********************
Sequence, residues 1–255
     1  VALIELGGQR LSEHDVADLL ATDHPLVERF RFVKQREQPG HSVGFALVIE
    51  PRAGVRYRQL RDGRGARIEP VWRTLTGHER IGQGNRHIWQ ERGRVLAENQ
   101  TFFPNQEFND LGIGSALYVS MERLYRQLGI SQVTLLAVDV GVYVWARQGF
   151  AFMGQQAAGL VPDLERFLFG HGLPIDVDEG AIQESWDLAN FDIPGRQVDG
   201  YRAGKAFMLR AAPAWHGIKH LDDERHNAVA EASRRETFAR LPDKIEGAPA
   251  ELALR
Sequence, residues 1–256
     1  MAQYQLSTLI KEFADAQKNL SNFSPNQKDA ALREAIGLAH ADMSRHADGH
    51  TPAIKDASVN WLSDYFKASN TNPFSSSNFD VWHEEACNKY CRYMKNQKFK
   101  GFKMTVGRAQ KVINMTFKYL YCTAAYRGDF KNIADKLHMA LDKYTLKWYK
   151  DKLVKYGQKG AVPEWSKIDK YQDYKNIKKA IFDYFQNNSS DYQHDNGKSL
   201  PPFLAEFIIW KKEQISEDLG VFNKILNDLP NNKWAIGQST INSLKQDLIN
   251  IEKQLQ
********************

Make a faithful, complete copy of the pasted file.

Sequence, residues 1–255
     1  VALIELGGQR LSEHDVADLL ATDHPLVERF RFVKQREQPG HSVGFALVIE
    51  PRAGVRYRQL RDGRGARIEP VWRTLTGHER IGQGNRHIWQ ERGRVLAENQ
   101  TFFPNQEFND LGIGSALYVS MERLYRQLGI SQVTLLAVDV GVYVWARQGF
   151  AFMGQQAAGL VPDLERFLFG HGLPIDVDEG AIQESWDLAN FDIPGRQVDG
   201  YRAGKAFMLR AAPAWHGIKH LDDERHNAVA EASRRETFAR LPDKIEGAPA
   251  ELALR
Sequence, residues 1–256
     1  MAQYQLSTLI KEFADAQKNL SNFSPNQKDA ALREAIGLAH ADMSRHADGH
    51  TPAIKDASVN WLSDYFKASN TNPFSSSNFD VWHEEACNKY CRYMKNQKFK
   101  GFKMTVGRAQ KVINMTFKYL YCTAAYRGDF KNIADKLHMA LDKYTLKWYK
   151  DKLVKYGQKG AVPEWSKIDK YQDYKNIKKA IFDYFQNNSS DYQHDNGKSL
   201  PPFLAEFIIW KKEQISEDLG VFNKILNDLP NNKWAIGQST INSLKQDLIN
   251  IEKQLQ